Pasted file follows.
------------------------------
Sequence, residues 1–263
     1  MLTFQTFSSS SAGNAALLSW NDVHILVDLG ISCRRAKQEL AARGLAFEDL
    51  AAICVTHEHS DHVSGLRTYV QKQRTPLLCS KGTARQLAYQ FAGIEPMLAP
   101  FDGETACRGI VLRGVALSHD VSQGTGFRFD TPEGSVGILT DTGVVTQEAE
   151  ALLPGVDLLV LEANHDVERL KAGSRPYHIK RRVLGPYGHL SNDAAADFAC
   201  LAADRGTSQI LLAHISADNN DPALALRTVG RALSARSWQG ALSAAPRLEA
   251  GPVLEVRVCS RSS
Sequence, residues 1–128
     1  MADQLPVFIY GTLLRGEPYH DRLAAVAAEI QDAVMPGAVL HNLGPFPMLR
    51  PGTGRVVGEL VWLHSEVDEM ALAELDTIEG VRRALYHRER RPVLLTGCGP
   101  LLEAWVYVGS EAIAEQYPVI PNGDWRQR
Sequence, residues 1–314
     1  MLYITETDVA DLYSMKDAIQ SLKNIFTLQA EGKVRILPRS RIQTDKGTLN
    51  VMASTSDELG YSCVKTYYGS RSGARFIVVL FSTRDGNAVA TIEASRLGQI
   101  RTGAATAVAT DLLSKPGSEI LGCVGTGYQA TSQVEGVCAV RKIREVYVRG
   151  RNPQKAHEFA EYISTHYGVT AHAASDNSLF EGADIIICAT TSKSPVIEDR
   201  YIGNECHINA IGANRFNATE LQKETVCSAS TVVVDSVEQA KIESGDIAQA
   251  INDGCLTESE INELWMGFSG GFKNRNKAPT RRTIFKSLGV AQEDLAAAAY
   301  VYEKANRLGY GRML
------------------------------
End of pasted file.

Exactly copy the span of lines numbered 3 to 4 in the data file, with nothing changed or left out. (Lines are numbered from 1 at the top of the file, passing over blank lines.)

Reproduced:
    51  AAICVTHEHS DHVSGLRTYV QKQRTPLLCS KGTARQLAYQ FAGIEPMLAP
   101  FDGETACRGI VLRGVALSHD VSQGTGFRFD TPEGSVGILT DTGVVTQEAE